Historian draws parallels between 1918 Spanish flu and current coronavirus pandemic
At the end of August 1918, thousands of American sailors housed at the Commonwealth Pier in the Boston Harbor District were waiting to be dispatched to fight in Europe during the First World War.
Then a few sailors came to the infirmary with fever and other symptoms. By the end of that week, around 100 more were falling ill every day.
This was the second wave of the so-called Spanish flu to hit America in 1918, and it hit Boston first.
Author and historian Kenneth C. Davis speaks with WBUR All things Considered about his book on the 1918 epidemic, “Deadlier than war”, and the coronavirus pandemic that is hitting the country today.
Here are some highlights from the interview, slightly edited for clarity.
How Boston becomes the “zero point” of the second wave of influenza
Well, first of all, we have to set the scene by saying the emphasis on the war in September 1918. America was at war. It took almost a year for the United States to prepare to send troops. And they had exploded in the spring of 1918, just as what we called the Spanish flu was starting to take off. It had slowed down – the flu season was over – but then started to make a comeback. In late August and early September, he hit Boston with a vengeance. And Boston was a major military port and a nearby military encampment.
On the US Surgeon General sending doctors to Boston
These were four of the most experienced doctors in epidemics in the world at the time. What they saw there frightened them. They saw bodies piled up like rope wood, as one of them reported. So many healthy young men were dying so quickly that they couldn’t believe their eyes.
And their deaths were horrible. They were coughing, consumed with pain, high fevers. Some of them were bleeding from their eyes, nose, mouth and ears. And some of them were turning blue because they didn’t have enough oxygen. In fact, before it was called the Spanish Flu, it was called Death Purple. It’s a term for what we would now call cyanosis: you turn blue because you aren’t getting enough oxygen in your lungs. And that’s what is killing these otherwise healthy young men.
On the spread of influenza across the country
The sailors who brought it to Boston not only spread it all over Boston and then the rest of New England, they also boarded ships and spread it to the rest of America for several manners …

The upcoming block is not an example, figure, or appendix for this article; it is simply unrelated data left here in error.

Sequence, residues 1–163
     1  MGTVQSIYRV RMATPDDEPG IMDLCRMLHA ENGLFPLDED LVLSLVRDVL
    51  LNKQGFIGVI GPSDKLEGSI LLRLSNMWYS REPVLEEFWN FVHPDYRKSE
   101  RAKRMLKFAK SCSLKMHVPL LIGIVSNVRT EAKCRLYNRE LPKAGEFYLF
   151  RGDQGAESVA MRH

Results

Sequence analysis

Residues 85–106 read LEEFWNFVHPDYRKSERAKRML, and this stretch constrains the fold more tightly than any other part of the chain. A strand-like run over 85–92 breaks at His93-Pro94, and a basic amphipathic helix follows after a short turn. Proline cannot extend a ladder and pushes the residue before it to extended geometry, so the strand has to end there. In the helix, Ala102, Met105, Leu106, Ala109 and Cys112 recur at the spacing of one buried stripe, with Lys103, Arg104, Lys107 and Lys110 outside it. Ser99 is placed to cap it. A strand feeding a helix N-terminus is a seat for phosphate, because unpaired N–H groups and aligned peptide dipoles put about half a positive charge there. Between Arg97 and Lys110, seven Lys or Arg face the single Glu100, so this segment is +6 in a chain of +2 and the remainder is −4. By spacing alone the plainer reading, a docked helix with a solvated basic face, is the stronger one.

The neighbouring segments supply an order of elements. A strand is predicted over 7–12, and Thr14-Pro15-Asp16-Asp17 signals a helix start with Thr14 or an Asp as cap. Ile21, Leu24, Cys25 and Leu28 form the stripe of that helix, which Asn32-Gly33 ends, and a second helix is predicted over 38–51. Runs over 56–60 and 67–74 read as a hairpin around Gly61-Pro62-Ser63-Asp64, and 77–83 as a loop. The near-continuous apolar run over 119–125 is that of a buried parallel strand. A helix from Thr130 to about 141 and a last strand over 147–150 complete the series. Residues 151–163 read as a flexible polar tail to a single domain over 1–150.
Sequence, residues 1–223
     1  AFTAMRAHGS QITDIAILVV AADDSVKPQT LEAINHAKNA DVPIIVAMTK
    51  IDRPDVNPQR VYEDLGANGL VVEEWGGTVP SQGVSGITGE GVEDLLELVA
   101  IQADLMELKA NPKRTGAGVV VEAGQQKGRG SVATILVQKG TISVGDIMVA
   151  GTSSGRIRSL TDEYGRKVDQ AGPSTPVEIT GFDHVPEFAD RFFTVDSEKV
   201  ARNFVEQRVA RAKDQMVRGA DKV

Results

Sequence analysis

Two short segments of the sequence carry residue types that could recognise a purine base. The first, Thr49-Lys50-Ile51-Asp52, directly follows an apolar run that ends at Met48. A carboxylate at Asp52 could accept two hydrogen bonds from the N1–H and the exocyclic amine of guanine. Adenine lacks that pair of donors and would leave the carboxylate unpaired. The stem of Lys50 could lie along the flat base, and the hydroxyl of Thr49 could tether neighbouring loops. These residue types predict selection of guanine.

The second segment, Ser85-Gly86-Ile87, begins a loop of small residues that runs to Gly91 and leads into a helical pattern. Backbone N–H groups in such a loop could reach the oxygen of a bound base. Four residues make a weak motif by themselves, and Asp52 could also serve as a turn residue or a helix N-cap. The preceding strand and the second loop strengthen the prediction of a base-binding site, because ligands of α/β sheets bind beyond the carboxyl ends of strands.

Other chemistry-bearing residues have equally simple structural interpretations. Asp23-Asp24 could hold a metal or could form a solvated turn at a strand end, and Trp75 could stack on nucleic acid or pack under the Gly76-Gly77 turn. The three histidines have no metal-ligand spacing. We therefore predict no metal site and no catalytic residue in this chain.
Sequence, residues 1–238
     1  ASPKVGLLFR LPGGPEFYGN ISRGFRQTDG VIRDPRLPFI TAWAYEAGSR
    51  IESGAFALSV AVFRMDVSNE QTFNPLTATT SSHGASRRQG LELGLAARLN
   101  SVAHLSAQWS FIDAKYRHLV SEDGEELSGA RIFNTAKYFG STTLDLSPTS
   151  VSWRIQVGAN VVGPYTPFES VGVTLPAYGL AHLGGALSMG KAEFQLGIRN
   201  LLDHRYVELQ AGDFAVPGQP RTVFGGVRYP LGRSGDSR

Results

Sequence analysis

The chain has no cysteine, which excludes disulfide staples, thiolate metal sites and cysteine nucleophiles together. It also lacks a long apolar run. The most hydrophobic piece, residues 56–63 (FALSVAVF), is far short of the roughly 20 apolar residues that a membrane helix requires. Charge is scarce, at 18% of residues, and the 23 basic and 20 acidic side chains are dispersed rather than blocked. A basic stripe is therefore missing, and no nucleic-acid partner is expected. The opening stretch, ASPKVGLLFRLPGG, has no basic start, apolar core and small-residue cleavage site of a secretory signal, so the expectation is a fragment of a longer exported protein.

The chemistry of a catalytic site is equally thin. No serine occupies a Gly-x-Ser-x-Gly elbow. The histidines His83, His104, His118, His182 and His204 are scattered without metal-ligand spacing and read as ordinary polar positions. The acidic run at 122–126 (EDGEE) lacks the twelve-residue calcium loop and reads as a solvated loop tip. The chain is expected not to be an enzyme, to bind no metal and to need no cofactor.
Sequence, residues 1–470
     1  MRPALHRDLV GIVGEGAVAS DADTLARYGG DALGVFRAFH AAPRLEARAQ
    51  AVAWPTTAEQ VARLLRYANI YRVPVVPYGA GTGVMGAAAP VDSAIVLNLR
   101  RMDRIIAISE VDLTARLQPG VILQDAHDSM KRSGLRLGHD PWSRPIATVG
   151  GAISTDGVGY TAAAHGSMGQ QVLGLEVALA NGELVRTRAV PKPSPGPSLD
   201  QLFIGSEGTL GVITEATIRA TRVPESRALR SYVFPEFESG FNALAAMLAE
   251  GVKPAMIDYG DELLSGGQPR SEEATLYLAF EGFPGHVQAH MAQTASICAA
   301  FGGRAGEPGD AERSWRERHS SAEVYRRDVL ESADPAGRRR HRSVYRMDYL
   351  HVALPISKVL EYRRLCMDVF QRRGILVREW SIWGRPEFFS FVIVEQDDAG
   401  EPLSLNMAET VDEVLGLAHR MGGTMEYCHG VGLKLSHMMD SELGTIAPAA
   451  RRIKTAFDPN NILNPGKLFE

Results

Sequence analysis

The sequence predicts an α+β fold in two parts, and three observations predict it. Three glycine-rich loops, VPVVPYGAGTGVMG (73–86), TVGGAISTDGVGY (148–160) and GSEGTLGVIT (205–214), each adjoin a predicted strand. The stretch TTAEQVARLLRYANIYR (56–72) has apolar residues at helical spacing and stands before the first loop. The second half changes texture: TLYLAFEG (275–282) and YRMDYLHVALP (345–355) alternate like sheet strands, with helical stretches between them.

They spread it across Philadelphia, which has probably become America’s worst-hit city. Boston was not far behind. They went to New Orleans. So he hit Louisiana. They sailed to San Francisco. So it hit there. They went to the Great Lakes Naval Station outside of Chicago, the largest naval base in the world at the time. Then people got on trains and toured the rest of the country …
You can’t understand the history of the Spanish Flu without understanding WWI. And you can’t really understand what happened in the last year of WWI without understanding the flu.
On the first experiences with military prisoners to treat influenza
They had six deaths. I think about 60 men agreed to do it. They were going to be released for various offenses. And what was curious was that none of them – although they were dabbed and then injected with live virus, goo and sick phlegm in any way to get these guys to contract the virus – none of them did. And this is one of the many mysteries of the Spanish flu, why these men from the brig in Boston didn’t get sick.
I must also say that at the time, they did not know what a virus was. It would take almost 20 years before viruses were actually seen and understood. So these doctors were fighting in the dark.
On the lessons we can learn from the Spanish flu
I think there are three central lessons.
One of the really important points of this is that lies, censorship and even propaganda have been very critical in the spread of the disease. It was believed, for example, that the Germans might have started this, that they had given us poisoned water, or that Bayer, a German company, had contaminated aspirin, its wonder drug.
The next point is very important: ignore science. There were clearly scientists, doctors, doctors who advocated a much more aggressive response to this and certainly avoided large crowds. These were ignored in part because of the war again.
People wanted to have big marches for the freedom loan. Liberty loans were war bonds. The fourth Liberty Loan Drive began in September 1918, right in the middle of the explosion. Boston held a parade. Philadelphia had an infamous parade where two hundred thousand people were in the streets. And two days later, every hospital bed was full. So ignoring science is really deadly.
And finally, misplaced priorities. In 1918, the priority was to win the war, so the troops continued to be dispatched even though the medics said not to embark these soldiers in the personnel carriers.
So, we are taking these lessons and watching them today. What have we learned? Boston tried to shut down. It was too late. Other cities have paid much more attention to social distancing and flattened the curve, a modern term. But it’s a very important lesson to learn that if we move too early to relax these measures, it can be very, very expensive. It was certainly in 1918.